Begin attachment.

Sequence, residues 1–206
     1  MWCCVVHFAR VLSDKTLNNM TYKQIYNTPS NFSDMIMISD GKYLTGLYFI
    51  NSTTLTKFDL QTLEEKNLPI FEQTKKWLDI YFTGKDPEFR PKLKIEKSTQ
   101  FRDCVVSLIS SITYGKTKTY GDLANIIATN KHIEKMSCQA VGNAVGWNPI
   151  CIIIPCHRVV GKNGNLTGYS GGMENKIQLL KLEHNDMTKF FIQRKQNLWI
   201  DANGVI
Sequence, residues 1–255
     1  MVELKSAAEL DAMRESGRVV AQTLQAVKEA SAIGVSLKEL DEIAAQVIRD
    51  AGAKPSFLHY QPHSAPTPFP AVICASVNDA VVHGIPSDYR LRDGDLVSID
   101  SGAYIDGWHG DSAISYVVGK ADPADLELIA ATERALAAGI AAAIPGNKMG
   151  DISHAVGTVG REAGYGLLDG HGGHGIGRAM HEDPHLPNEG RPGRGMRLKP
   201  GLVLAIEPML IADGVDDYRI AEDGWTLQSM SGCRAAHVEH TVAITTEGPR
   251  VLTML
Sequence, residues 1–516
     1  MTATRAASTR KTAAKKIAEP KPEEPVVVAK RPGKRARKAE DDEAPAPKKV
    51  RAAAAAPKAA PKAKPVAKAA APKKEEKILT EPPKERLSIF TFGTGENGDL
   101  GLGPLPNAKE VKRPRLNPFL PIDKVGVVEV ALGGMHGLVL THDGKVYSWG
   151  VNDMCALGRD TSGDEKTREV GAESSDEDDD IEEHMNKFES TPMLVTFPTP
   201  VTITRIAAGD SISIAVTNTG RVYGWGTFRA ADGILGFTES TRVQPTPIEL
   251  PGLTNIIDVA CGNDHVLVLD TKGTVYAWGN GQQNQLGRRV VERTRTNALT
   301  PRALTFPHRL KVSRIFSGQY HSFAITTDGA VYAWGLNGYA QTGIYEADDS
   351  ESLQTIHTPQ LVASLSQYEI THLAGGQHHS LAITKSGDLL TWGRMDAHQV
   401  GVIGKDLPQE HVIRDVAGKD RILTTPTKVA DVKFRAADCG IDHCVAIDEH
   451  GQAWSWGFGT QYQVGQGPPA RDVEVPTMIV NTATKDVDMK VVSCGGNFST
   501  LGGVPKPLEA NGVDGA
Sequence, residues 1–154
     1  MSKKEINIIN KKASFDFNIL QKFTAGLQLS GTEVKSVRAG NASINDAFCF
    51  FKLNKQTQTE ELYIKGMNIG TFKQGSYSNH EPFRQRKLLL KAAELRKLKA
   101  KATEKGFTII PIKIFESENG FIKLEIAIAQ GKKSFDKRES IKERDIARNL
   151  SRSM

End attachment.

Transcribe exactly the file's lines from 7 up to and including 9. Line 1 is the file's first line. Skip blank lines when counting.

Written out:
Sequence, residues 1–255
     1  MVELKSAAEL DAMRESGRVV AQTLQAVKEA SAIGVSLKEL DEIAAQVIRD
    51  AGAKPSFLHY QPHSAPTPFP AVICASVNDA VVHGIPSDYR LRDGDLVSID